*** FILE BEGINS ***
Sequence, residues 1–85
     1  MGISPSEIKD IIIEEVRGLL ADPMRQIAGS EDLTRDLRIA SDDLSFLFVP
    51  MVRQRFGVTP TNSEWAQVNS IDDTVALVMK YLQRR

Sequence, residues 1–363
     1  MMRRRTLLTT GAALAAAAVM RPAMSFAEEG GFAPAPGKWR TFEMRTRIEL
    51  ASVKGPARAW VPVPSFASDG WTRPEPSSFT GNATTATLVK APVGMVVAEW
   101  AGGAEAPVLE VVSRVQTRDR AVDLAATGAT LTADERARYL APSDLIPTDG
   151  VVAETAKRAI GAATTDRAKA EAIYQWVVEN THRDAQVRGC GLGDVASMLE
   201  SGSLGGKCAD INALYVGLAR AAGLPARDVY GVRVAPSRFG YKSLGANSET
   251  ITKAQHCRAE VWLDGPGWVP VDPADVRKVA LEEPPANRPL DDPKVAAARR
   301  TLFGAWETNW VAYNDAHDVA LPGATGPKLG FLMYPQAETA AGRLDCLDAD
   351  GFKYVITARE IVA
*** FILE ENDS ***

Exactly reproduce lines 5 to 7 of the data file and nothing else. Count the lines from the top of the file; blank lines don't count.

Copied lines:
     1  MMRRRTLLTT GAALAAAAVM RPAMSFAEEG GFAPAPGKWR TFEMRTRIEL
    51  ASVKGPARAW VPVPSFASDG WTRPEPSSFT GNATTATLVK APVGMVVAEW
   101  AGGAEAPVLE VVSRVQTRDR AVDLAATGAT LTADERARYL APSDLIPTDG